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How Bojack Horseman Changed Television: Every Character is Now a Horse

The Netflix original animated series Bojack Horseman has changed television in many ways. It has brought added complexity and darkness to comedy and animation. It has encouraged a national discussion about depression. But the most important change Bojack has brought to television is this: every character is now a horse.
Back in 2014, when Bojack premiered, hardly any characters were horses. Maybe you’d occasionally see the Kentucky Derby or the Belmont Stakes. There had been Mr. Ed, of course. But for the most part, characters were played by humans. No more. Now, horses are everywhere. For a generation of television viewer, it’s unimaginable that things could be any different.
Without Bojack, we wouldn’t have Horse MD, Dancing With the Horse, Meet the Horse, The Tonight Horse with Horse, or The Chris Gethard Horse. We wouldn’t have The Good Horse, The Good Horse, or The Good Horse, three different shows about a horse wife, a horse doctor, and a horse place. Now it’s all horses, all the time, and television is richer for it.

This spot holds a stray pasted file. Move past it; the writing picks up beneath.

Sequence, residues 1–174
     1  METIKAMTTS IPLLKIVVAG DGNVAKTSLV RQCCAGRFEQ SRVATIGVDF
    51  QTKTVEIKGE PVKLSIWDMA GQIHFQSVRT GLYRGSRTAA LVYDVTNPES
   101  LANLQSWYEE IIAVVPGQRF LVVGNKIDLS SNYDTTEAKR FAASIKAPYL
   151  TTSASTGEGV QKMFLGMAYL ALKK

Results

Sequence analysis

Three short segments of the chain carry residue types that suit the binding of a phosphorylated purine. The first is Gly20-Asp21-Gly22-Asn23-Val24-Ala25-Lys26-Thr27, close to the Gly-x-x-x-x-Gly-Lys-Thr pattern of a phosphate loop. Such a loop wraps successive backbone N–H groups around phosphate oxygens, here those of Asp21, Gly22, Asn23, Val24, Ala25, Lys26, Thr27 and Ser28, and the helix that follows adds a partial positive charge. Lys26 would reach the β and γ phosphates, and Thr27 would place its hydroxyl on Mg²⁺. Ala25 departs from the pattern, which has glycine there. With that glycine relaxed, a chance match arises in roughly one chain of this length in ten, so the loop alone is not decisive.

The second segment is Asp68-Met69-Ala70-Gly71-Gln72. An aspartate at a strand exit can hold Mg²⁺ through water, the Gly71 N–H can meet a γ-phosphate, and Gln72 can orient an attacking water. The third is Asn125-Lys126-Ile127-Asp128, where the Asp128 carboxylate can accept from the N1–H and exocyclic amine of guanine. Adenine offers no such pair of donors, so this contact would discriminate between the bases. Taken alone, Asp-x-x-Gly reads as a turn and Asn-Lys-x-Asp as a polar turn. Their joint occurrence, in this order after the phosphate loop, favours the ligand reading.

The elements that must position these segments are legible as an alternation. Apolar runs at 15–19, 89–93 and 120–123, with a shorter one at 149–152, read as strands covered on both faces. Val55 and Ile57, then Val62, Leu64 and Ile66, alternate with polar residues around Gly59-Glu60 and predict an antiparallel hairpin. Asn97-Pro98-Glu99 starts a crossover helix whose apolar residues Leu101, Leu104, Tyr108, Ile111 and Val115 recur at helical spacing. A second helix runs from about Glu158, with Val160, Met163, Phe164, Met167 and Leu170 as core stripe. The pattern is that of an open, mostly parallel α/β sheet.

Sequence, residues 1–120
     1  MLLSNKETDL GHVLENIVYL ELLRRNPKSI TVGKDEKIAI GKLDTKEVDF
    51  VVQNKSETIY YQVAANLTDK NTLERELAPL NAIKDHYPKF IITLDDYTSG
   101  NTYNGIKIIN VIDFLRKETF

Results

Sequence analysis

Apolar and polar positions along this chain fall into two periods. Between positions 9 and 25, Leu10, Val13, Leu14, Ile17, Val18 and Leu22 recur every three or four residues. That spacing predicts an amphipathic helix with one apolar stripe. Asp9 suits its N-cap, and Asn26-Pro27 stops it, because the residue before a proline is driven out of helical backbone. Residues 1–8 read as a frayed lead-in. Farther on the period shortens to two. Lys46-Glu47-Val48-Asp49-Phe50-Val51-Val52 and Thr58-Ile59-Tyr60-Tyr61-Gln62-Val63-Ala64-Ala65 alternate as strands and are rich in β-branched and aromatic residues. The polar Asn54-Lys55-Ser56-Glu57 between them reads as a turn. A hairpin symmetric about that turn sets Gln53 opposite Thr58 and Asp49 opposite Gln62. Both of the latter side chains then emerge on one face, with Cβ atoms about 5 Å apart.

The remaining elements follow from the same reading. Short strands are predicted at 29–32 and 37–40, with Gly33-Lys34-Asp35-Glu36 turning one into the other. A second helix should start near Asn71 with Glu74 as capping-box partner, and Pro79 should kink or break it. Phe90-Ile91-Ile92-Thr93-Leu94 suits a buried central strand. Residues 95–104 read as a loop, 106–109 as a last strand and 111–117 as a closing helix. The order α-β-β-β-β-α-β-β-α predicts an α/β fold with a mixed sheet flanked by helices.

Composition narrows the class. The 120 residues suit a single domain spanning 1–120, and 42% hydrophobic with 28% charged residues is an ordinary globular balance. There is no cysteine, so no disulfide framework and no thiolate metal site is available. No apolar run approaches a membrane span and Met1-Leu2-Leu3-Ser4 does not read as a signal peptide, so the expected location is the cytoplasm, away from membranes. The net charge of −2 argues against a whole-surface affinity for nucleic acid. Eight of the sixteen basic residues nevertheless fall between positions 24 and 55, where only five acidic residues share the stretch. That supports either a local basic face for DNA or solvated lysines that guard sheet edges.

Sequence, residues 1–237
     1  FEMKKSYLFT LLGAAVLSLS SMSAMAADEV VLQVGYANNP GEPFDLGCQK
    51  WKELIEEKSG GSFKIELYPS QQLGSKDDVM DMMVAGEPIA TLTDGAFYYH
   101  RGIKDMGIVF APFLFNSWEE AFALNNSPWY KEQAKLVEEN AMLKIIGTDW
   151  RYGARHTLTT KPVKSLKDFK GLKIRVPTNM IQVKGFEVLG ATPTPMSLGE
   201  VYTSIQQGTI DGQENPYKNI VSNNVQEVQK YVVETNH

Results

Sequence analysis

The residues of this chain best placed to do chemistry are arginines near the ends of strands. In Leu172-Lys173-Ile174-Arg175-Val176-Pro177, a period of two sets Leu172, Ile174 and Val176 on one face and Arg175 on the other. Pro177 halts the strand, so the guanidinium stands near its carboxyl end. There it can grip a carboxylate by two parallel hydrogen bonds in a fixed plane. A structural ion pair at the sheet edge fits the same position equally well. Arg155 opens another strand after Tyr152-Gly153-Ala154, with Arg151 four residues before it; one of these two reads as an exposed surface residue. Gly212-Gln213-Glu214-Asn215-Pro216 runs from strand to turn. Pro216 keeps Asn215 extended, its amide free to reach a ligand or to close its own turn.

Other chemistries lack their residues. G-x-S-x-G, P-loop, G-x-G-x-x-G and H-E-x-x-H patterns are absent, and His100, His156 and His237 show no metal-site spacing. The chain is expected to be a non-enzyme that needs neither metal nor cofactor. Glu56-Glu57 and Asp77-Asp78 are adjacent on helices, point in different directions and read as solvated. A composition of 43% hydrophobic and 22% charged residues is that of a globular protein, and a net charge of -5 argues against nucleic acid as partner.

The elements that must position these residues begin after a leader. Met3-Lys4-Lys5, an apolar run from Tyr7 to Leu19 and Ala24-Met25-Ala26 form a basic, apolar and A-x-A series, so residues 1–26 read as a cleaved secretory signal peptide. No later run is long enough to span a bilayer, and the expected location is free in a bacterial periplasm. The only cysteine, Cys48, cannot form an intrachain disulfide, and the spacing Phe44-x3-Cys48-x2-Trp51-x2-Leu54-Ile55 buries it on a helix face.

Some argue that every genius spawns legions of pale imitators, and that television has become watered down with too many horses. That the horse trend has run its course. “Where are the people?” They ask. “I’m tired of watching horses on Jeopardy. They just try to eat the buzzer,” they complain. “I’m afraid I might be in the midst of a years-long hallucination, because this does not make any sense,” they whisper, their eyes darting around the room, fearing they cannot trust even their own perception of reality.
Hey, man. It’s 2022. This is television now. If you don’t like it, get in your time machine and go back to the years before Bojack when it wasn’t all horses. Or call your congresshorse and ask them to pass a law. But get off my back about it.

Written by Jonathan Zeller

Jonathan Zeller

Jonathan Zeller is a writer, editor and comedian who’s contributed to McSweeney’s, The New York Times, and Teen Vogue.

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